We all can be more super every day. It may not be easy, but I don’t believe that “easy” and “super” have anything to do with each other.

They think probabilistically; and, perhaps most importantly, they change their minds when facts change. They admit their mistakes and change course.

I recently read the book Superforecasting: The Art and Science of Prediction, by Philip E. Tetlock, a social psychologist at the University of Pennsylvania, and coauthor Dan Gardner, a journalist. The book explores the elements of excellent prediction. In it, the authors refer to the Good Judgment Project, which Tetlock created with his wife and fellow psychologist, Barbara Mellers, in 2011. The Good Judgement Project compared the acumen of nearly 3,000 random participants in making forecasts to that of so-called “experts”—testing whether these ordinary people (a retired computer programmer, a social services worker, a homemaker, among the group) could be trained to forecast political, economic, and foreign policy events better than credentialed experts from MIT, the CIA, the Pentagon, and others. You can probably guess the winner: The amateurs far outperformed the experts. In fact, the experts often did quite poorly. For certain types of experts, they may be no better than random chance. Or as Tetlock has famously put it: the experts did little better than a “dart-throwing chimp.”

Tetlock’s point—we are all forecasters. I would add this kicker: The best forecasters gather evidence before jumping to conclusions; they think probabilistically; and, perhaps most importantly, they change their minds when facts change. They admit their mistakes and change course.

Sounds easy, right? I wish. We all suffer from some degree of what I call, “belief severance.” We rationalize, contort, and contrive our minds in crazy ways in order to avoid changing our theories or beliefs. We stubbornly want to prove ourselves right – often refusing to accept new evidence that flies in the face of our beliefs, just so that we can prove we are right (even if it’s now clear we’re not).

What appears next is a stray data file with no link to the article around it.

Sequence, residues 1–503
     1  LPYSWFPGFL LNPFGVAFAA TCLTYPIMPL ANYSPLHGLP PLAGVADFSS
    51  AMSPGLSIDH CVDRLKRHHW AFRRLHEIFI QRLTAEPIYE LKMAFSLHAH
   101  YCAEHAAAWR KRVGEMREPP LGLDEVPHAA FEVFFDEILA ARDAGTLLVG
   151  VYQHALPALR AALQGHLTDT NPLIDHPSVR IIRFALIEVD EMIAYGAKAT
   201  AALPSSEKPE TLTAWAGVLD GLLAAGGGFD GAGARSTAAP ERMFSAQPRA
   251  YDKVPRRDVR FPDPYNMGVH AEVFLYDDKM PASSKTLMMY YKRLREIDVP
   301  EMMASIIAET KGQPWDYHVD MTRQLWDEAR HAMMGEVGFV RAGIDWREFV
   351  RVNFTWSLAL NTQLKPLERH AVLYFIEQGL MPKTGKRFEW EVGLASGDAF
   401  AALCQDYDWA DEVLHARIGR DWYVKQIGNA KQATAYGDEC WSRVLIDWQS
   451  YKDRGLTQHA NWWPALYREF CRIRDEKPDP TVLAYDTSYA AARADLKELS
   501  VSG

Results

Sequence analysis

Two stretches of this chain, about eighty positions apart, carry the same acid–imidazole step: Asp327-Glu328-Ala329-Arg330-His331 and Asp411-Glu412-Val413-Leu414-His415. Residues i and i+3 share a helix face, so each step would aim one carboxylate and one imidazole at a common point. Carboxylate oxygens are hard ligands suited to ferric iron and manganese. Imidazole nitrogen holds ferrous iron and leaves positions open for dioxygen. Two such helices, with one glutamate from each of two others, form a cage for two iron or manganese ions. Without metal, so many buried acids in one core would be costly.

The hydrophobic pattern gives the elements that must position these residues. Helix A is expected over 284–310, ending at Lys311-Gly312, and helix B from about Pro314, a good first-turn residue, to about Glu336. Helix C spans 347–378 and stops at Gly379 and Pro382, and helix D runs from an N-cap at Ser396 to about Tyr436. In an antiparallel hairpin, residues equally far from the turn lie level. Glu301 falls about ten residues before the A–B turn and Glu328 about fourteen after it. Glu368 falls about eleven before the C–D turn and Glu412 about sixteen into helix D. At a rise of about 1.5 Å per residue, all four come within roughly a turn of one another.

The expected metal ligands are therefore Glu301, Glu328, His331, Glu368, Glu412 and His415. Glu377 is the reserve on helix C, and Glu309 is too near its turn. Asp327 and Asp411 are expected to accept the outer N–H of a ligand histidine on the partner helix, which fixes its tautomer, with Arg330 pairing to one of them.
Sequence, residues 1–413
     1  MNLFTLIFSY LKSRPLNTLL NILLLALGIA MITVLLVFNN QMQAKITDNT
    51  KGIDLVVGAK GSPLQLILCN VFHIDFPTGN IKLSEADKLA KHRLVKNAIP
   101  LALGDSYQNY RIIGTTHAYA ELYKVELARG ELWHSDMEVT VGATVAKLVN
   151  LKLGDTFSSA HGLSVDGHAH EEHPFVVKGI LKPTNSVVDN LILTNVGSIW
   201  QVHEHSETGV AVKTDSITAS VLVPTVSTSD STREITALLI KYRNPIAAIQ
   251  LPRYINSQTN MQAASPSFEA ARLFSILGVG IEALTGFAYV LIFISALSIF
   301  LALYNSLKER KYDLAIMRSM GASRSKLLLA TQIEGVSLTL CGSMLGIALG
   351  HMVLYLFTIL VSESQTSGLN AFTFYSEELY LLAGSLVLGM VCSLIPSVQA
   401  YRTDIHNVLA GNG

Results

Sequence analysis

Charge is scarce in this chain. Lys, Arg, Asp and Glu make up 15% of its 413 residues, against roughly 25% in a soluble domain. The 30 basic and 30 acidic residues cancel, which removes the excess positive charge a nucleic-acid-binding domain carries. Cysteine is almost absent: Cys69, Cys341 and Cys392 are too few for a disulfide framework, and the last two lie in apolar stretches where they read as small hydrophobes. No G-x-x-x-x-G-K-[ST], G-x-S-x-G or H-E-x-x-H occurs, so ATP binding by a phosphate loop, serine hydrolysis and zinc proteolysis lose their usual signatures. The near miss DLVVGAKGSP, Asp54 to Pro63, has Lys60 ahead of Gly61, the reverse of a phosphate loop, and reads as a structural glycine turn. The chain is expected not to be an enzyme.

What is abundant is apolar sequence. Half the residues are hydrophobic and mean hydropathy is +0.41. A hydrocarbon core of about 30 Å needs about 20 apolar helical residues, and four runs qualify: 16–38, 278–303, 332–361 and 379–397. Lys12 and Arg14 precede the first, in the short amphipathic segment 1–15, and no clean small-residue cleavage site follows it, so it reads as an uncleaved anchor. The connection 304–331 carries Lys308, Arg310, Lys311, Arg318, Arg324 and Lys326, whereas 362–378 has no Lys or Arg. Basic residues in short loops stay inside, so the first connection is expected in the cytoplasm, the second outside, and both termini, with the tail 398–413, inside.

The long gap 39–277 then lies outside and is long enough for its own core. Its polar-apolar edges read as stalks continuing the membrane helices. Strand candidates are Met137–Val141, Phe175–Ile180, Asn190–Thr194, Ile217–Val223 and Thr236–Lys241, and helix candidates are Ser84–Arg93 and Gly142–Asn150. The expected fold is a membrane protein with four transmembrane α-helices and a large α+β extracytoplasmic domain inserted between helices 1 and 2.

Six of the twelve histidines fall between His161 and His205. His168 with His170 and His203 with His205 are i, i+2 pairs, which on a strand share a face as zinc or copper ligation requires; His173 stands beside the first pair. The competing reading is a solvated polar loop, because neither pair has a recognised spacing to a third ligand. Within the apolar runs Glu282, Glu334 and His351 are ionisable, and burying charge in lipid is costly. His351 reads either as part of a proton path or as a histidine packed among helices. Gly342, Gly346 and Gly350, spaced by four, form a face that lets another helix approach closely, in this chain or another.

Riffing off of Tetlock’s research, here are some fascinating consistencies in the approach taken by the best amateur forecasters:

They are probabilistic: Wouldn’t it be cool if our kids had math classes that not only taught the ‘how’ of math, but also the practical application of math?! If this were the case, our kids would learn all about probabilities—how to interpret statements like, “an 80 percent chance of rain.” Does this mean that it will rain 80 percent of the day and not-rain 20 percent of the day? Or, does this mean that there’s an 80 percent chance of having rain, and if there’s rain, are we talking, rain for 10 percent of the day or for 100 percent of the day? Understanding these nuances of probability theory is both fascinating and important. And it’s way too complicated to explain in a few sentences, but I’d suggest Sal Khan’s introduction to probability theory (four quick videos on the Khan Academy site), or a clever example called “The Last Banana” at the Ted-Ed site, as good places to open your mind to the basic concepts.

They never rush to judgement: While we might have immediate “gut reactions” and reflexive convictions about which directions to take, we should try avoid the allure of making those quick judgements final ones. The best forecasters don’t succumb to “confirmation bias.” They remain open to a range of possible explanations until there is actual evidence that overwhelmingly favors one of them.

They are open to small ideas: We are in an age of ‘big ideas’ – massive generalizations which are made for sensationalized television and quick sound bites, but dangerous in the context of building successful businesses. Companies suffer if they let big ideas get in the way of being excellent forecasters of important small ideas.